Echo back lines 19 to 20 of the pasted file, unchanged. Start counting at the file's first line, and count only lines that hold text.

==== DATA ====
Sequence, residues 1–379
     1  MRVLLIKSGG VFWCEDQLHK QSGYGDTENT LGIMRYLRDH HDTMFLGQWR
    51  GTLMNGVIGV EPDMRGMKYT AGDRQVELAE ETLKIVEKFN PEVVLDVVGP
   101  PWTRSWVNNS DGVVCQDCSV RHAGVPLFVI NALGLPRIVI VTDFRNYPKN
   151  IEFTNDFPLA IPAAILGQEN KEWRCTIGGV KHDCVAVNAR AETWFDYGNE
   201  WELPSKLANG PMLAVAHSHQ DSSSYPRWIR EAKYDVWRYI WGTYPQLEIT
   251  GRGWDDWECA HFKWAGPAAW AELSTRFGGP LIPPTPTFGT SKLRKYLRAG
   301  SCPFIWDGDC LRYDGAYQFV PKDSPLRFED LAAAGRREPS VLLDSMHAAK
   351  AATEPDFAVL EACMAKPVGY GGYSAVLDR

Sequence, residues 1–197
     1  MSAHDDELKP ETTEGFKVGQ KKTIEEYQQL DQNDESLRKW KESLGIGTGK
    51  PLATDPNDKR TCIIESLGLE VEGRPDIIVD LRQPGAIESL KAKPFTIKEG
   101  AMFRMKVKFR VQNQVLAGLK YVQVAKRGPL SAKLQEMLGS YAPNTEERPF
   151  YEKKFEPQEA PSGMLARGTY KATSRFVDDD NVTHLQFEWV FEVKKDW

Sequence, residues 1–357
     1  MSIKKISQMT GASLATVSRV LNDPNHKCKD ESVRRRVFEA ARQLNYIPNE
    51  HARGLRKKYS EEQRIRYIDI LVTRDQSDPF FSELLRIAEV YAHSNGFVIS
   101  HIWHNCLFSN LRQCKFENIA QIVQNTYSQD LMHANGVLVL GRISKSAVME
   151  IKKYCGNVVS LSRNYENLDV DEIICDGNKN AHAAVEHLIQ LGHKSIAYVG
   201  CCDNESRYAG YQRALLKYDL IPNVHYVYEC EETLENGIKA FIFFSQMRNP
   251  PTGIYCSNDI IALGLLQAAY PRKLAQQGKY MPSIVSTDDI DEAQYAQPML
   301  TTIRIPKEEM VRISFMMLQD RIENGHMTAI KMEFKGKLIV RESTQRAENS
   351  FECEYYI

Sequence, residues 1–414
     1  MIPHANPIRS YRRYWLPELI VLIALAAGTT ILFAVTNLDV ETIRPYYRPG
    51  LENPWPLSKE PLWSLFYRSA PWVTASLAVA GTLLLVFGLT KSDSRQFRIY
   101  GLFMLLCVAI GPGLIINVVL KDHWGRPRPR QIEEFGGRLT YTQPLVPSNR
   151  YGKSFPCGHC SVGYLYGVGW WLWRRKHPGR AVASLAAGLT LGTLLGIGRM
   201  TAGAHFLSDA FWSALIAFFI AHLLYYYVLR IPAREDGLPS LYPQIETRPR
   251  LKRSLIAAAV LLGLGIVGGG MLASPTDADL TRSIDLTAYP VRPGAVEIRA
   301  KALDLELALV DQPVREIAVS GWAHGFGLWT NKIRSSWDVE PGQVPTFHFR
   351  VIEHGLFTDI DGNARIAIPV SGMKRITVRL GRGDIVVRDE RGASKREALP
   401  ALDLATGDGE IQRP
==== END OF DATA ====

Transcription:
   151  IKKYCGNVVS LSRNYENLDV DEIICDGNKN AHAAVEHLIQ LGHKSIAYVG
   201  CCDNESRYAG YQRALLKYDL IPNVHYVYEC EETLENGIKA FIFFSQMRNP